1. Call `obj[Symbol.toPrimitive](hint)` – the method with the symbolic key `Symbol.toPrimitive` (system symbol), if such method exists,
2. Otherwise if hint is `"string"`
• try `obj.toString()` and `obj.valueOf()`, whatever exists.
3. Otherwise if hint is `"number"` or `"default"`
• try `obj.valueOf()` and `obj.toString()`, whatever exists.

## Symbol.toPrimitive

Let’s start from the first method. There’s a built-in symbol named `Symbol.toPrimitive` that should be used to name the conversion method, like this:

``````obj[Symbol.toPrimitive] = function(hint) {
// must return a primitive value
// hint = one of "string", "number", "default"
};``````

For instance, here `user` object implements it:

``````let user = {
name: "John",
money: 1000,

[Symbol.toPrimitive](hint) {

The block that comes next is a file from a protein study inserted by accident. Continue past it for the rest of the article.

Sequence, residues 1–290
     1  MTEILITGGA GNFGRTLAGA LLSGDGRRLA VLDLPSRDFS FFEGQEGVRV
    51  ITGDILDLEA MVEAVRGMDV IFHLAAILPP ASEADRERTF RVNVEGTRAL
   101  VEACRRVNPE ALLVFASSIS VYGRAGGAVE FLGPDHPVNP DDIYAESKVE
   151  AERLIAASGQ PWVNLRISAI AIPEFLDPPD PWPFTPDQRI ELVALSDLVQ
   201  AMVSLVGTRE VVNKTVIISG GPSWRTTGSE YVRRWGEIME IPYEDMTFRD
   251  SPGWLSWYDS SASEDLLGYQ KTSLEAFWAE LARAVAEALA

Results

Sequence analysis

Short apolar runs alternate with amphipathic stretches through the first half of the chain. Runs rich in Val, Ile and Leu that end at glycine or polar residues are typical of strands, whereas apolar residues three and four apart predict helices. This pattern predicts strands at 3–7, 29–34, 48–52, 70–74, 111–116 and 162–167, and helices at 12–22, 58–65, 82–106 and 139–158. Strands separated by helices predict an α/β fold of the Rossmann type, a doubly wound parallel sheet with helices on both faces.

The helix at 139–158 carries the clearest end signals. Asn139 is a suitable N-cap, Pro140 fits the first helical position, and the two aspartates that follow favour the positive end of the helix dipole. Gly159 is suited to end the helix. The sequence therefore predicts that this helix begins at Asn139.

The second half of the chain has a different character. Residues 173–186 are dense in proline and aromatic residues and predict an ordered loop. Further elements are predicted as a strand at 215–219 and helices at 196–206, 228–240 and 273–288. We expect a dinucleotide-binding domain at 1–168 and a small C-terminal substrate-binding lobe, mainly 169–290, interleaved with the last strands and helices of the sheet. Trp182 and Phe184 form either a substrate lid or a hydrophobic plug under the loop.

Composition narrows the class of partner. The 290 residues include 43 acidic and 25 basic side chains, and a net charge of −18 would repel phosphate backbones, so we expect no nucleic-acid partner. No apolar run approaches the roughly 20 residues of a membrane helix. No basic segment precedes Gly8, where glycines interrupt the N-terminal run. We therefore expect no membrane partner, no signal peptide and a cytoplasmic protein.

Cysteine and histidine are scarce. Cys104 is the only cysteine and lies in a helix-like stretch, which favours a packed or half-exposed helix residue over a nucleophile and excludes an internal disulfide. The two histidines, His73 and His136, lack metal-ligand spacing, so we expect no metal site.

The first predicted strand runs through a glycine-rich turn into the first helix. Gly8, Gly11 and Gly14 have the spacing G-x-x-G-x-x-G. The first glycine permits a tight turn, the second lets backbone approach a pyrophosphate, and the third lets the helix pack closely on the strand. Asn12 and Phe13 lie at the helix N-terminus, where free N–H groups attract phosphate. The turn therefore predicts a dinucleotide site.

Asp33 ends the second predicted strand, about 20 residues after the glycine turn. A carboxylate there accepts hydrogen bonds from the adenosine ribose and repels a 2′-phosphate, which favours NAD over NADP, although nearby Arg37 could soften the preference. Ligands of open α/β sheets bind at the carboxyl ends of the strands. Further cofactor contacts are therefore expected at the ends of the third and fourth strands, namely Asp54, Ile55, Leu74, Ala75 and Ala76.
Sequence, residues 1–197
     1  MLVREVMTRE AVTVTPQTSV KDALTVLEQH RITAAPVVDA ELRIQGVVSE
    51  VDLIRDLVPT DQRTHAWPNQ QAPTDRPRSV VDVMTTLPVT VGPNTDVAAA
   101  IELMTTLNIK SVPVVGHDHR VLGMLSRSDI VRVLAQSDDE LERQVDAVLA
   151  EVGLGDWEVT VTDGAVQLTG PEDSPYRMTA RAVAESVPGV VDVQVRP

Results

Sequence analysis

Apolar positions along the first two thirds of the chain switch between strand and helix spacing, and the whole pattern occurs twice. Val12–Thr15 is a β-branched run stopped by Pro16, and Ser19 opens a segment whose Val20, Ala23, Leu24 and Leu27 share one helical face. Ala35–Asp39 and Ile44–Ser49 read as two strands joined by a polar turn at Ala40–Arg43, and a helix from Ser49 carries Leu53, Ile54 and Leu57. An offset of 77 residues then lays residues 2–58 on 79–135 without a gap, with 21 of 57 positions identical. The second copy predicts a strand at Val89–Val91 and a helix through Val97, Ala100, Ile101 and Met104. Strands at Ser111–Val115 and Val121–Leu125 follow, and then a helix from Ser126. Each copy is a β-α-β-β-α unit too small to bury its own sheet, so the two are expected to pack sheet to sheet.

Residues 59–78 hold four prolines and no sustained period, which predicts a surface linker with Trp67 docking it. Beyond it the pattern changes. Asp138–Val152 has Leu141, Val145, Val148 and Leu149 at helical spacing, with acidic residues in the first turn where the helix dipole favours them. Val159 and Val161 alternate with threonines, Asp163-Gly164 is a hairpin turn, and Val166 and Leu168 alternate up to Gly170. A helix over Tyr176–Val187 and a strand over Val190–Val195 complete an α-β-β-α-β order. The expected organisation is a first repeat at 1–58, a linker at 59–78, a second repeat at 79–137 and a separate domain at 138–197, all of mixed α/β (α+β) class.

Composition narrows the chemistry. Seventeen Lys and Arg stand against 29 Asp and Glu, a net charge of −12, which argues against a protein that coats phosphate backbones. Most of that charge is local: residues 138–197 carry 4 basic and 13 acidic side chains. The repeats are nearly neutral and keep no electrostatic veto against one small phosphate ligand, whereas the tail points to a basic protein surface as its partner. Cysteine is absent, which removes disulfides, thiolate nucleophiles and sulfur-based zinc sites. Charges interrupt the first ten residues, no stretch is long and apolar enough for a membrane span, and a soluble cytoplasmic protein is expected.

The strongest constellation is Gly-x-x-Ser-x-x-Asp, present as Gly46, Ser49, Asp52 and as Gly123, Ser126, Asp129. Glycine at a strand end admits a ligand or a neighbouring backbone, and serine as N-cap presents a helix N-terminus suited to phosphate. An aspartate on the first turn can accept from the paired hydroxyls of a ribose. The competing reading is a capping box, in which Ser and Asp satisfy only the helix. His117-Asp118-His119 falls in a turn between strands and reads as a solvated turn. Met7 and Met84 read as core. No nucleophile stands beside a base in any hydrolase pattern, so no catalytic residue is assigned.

return hint == "string" ? `{name: "\${this.name}"}` : this.money;
}
};

// conversions demo:
alert(user); // hint: string -> {name: "John"}
alert(+user); // hint: number -> 1000
alert(user + 500); // hint: default -> 1500``````

As we can see from the code, `user` becomes a self-descriptive string or a money amount depending on the conversion. The single method `user[Symbol.toPrimitive]` handles all conversion cases.

## toString/valueOf

Methods `toString` and `valueOf` come from ancient times. They are not symbols (symbols did not exist that long ago), but rather “regular” string-named methods. They provide an alternative “old-style” way to implement the conversion.

If there’s no `Symbol.toPrimitive` then JavaScript tries to find them and try in the order: